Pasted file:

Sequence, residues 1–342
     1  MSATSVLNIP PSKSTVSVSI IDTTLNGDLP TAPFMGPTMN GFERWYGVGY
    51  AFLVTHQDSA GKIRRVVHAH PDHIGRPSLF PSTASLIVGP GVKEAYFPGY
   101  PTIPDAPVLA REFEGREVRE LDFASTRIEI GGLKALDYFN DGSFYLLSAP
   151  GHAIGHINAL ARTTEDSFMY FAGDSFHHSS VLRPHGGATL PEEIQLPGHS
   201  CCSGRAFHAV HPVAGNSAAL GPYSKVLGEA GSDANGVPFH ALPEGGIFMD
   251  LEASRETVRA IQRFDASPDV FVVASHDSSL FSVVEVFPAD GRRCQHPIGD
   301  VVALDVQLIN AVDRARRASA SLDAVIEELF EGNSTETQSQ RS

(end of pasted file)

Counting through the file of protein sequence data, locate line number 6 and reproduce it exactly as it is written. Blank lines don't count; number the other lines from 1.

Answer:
   201  CCSGRAFHAV HPVAGNSAAL GPYSKVLGEA GSDANGVPFH ALPEGGIFMD